The law of copyright protects all creative and intellectual work from being replicated and provides its original creator with due recognition. There are certain myths pertaining to this law that should be clear in the minds of people concerned with this field to avoid unnecessary complications, be it social or legal.
One of the biggest myths attached to copyright law is that a copyrighted work is essentially supplemented with a copyright notice. This may have been true at one point of time, but not anymore. The Berne Convention establishes that intellectual property created after April 1, 1989 is automatically protected by copyright law with or without any notices attached. Nevertheless, a notice does re-enforce the protection and clears all doubts in the minds of the viewers.
Another common myth is that copyrighted work can be duplicated if there is no monetary transaction involved. This is a misconception and the law is violated even if there is no monetary implication.
Thirdly, any work on the Usenet does not indicate that it is in public domain. Work enters public domain only on expiry of copyrights or when the owner has explicitly stated that he or she grants the work to public domain abandoning all copyrights.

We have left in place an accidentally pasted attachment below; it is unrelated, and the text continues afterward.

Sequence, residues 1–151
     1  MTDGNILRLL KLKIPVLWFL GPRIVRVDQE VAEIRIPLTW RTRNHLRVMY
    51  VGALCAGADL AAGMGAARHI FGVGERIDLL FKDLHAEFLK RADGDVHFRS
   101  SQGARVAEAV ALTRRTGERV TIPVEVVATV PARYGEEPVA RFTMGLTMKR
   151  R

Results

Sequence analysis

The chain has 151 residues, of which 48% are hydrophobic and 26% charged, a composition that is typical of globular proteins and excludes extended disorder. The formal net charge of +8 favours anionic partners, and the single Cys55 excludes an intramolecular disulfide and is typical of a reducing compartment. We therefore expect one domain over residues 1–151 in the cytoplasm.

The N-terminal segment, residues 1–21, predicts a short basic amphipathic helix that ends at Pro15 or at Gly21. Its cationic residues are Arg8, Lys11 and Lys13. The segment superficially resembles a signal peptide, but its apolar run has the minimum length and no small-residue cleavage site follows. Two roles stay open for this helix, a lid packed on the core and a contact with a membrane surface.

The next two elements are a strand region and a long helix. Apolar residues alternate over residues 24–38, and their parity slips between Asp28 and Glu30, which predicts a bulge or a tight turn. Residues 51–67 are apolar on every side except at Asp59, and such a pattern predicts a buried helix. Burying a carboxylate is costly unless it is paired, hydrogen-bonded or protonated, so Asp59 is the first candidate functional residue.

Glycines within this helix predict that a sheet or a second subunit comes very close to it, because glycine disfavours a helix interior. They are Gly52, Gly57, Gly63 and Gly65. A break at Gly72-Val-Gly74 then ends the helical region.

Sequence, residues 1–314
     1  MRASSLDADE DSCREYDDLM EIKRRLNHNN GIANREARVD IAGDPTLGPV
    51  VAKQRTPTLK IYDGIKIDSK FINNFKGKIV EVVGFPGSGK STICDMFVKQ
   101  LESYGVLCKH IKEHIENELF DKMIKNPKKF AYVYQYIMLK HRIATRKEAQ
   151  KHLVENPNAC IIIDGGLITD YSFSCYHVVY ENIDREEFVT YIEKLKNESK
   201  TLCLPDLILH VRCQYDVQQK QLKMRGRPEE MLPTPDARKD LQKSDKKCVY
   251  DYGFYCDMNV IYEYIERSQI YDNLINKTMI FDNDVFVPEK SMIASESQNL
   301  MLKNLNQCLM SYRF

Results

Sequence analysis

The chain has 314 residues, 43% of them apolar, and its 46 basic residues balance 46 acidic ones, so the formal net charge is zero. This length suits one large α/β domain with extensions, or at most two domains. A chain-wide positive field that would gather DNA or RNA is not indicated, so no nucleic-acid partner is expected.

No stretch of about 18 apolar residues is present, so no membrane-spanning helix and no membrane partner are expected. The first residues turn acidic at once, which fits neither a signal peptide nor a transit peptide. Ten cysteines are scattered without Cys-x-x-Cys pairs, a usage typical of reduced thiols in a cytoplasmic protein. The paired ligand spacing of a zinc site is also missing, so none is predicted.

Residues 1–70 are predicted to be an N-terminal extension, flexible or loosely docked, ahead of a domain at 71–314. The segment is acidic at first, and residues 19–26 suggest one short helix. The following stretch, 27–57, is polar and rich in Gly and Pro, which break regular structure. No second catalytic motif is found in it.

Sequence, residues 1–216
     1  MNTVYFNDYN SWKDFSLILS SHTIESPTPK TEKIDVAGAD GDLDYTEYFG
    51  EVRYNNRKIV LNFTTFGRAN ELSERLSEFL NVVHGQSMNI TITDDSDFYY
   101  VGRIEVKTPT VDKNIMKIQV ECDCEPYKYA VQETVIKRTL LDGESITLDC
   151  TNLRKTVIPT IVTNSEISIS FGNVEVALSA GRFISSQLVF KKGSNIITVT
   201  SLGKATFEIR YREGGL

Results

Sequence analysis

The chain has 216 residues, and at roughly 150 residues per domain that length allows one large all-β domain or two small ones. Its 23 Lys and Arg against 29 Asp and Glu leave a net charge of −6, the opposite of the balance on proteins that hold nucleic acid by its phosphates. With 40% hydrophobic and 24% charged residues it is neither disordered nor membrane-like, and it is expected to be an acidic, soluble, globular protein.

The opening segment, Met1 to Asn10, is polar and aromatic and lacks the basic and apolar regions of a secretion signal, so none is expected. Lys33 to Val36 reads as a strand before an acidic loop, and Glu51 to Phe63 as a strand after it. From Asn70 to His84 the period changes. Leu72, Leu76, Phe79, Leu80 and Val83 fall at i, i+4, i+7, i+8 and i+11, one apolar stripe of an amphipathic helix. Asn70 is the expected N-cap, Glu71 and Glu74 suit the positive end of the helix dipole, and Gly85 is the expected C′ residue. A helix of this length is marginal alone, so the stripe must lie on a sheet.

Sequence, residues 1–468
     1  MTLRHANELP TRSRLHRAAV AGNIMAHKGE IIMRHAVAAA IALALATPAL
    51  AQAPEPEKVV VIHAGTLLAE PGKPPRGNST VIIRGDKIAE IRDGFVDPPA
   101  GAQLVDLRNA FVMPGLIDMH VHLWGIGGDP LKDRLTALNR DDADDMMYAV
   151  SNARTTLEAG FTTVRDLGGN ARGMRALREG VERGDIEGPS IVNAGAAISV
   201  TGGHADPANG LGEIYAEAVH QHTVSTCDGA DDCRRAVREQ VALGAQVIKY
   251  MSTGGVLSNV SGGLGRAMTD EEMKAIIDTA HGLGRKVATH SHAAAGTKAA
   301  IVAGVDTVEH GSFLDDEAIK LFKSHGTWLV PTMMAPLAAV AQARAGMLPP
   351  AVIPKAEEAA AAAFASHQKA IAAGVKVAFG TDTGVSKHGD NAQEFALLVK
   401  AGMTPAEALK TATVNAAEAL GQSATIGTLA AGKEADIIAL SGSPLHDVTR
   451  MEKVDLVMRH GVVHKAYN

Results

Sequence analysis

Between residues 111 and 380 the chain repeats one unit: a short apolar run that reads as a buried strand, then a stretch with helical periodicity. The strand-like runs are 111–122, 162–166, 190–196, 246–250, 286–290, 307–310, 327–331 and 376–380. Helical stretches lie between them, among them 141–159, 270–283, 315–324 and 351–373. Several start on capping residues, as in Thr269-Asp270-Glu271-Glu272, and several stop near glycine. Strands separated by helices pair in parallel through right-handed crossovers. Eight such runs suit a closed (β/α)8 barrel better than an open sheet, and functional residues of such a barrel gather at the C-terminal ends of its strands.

Most people misuse the doctrine of fair use. Fair use signifies liberty to utilize work protected under copyright law to a certain extent. The concept of fair use was introduced to allow freedom of expression. However, one needs to be careful about not hurting the profitability of the document in totality. There is also confusion with copyrights on trademarks. When trademarks are in question, the law of copyright applies to a particular terminology in relation to a specific business. No one owns any particular title as such. Someone else for some other line of work can use the same title.
Any work derived from an original piece definitely violates the copyright law; no matter how much creativity it may showcase. However, fair use does exempt criticism or satire of work. Posting emails may not be an extremely serious offense if no commercial value is attached to the message. However, it is wiser to stay within legal norms and take approval before indulging in the same.
Many live in the myth that copyright violation will not get them into any significant trouble as it is no great crime. The violation of copyright law definitely results in getting sued and in certain proven cases it has been established as a felony by the court. However, since it is a relatively new statute, procedure may not be as well known. Nevertheless, one should refrain from all temptations of plagiarizing copyrighted work and instead adhere to the regulations.